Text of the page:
Then the avowed nature lover told reporters that he supports higher gasoline taxes and more government incentives to encourage consumers to buy hybrids, but conceded that a fuel tax hike probably isn’t politically viable.
Import nameplates dominate the list of green vehicles, led by the Toyota Prius sedan, a hybrid that uses a small internal-combustion engine mated to an electric motor to eke out 3.9 litres per 100 kilometres in city driving and 4.6 l/100km on the highway. The 10-worst list was led by Volkswagen's Toureg diesel-model sport-utility vehicle, mainly because of its high, smog-creating nitrogen oxide emissions and concerns diesel exhaust is linked to cancer, the group said.
In the face of rising gasoline prices and stagnating fuel efficiency, Senator John Kerry is sticking with a plan he backed in the Senate to increase the nation's fuel economy standards 50 percent by 2015. That would be the largest increase, by far, since automotive fuel economy standards were first imposed after the oil shocks of the 1970's.
By making a few small changes in the design of the car - raising the rear bumper, adding about an inch-and-a-half of ground clearance - Subaru Outback customers have been transformed, technically, into truck drivers. Or worse, in the minds of many Maine Subaru drivers, SUV owners.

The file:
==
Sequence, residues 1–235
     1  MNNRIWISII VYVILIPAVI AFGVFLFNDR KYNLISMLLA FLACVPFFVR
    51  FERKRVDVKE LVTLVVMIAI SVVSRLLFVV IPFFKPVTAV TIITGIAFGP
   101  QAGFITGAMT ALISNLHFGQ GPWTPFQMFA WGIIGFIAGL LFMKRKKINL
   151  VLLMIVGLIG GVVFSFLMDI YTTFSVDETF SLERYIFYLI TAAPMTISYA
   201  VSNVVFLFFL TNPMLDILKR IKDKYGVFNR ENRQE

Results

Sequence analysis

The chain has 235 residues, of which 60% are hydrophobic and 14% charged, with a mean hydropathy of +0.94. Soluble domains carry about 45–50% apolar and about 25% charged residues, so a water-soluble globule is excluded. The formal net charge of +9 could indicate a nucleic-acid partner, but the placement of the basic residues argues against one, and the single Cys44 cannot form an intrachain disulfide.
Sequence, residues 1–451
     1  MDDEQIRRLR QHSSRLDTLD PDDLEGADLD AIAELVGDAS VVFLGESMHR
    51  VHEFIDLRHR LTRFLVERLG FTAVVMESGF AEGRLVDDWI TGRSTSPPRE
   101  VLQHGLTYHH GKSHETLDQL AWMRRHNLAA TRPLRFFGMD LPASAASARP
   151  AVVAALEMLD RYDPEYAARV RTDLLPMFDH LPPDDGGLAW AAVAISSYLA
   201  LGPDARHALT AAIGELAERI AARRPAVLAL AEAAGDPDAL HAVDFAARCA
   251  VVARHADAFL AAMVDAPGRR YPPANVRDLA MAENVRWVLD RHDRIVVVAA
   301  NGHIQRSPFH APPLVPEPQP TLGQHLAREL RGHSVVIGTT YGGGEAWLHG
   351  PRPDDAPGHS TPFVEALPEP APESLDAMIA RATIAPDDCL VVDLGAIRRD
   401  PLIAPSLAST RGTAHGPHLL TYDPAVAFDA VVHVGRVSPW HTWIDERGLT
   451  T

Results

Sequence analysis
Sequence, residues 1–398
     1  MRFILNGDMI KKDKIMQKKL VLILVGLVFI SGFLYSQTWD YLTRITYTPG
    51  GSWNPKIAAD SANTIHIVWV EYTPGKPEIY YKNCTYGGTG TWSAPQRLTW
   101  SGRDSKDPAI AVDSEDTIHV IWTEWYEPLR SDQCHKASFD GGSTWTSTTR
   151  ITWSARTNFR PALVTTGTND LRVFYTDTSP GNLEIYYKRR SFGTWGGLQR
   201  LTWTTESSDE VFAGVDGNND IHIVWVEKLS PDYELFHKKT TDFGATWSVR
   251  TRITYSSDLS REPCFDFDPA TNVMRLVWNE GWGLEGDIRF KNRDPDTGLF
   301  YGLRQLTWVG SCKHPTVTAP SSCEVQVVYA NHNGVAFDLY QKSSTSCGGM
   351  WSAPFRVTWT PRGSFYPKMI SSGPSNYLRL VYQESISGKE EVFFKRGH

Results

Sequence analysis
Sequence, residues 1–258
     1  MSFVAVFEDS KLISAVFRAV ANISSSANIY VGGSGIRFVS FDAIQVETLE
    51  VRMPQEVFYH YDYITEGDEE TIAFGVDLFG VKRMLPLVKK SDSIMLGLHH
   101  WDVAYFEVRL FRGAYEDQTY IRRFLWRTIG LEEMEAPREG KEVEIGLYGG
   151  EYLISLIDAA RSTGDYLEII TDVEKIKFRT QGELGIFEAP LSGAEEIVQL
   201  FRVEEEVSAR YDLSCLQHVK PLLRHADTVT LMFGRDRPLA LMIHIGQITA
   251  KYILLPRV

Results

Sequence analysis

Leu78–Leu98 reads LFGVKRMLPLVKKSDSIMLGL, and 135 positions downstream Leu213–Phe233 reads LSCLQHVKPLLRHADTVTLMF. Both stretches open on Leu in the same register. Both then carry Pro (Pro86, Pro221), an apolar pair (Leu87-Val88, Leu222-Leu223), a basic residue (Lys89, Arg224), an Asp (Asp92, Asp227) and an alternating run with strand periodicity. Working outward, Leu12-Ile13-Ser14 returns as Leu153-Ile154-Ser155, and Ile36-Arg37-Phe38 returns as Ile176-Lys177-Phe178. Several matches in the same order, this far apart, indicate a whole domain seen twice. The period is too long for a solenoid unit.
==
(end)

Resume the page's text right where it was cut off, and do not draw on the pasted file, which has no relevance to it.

U.S. voters hit with soaring gasoline prices can choose between two presidential candidates with contrary ways to escape the energy morass -- a Democrat pushing conservation and a Republican who wants to drill his way out.
February 25 - Environmental Group Depicts Ford's Chief as Pinocchio - NY Times
February 23 - Bush plan to overhaul CAFE standards is a mixed bag - Working Assets
February 6 - Environmentalists Target Ford for Broken Pledge to Improve SUV Efficiency - Environmental Media Services
January 14 - Automakers to launch more gas-electric vehicles
December 9 - Administration eyes burying carbon dioxide - USA Today
December 4 - America's war on nature - The Independent, UK
November 25 - Ventura County to consider eliminating SUVs from its fleet - San Jose Mercury News
November 17 - Send a FAX urging the House Ways and Means Committee to end the SUV loophole - Public Citizens
November 7 - Businesses Jump on an SUV Loophole - The Washington Post
November 5 - G.M. Puts Off Its Hybrids, Letting Ford Go First - The Ledger, Florida
October 23 - States Try to Force EPA to Regulate CO2 - ABC News
October 20 - Lawmakers Weigh Credit for Hybrid Cars - MotorTrend
September 9 - SUV pollution, mpg standards to tighten soon - Associated Press
August 4 - Pollution in Washington - Boston Globe
July 31 - Dean calls for stronger environmental protection in S.F. speech - San Francisco Chronicle
July 15 - California eyes SUV ban - BBC News
June 16 - U.S. Seeks Hydrogen Fuel Partnership - Washington Post
June 13 - Outlaw SUVs? Calif. bill stirs debate - MSNBC.com
May 9 - Campaign Slams U.S. Automakers For Gas Guzzlers - Environment News Service
May 7 - Hummer is bummer on new-car quality list - Seattle Times
April 30 - Auto Industry Revs up SUV Ads Online - eMarketer
April 29 - What Evangelical Environmentalists Do Not Know About Economics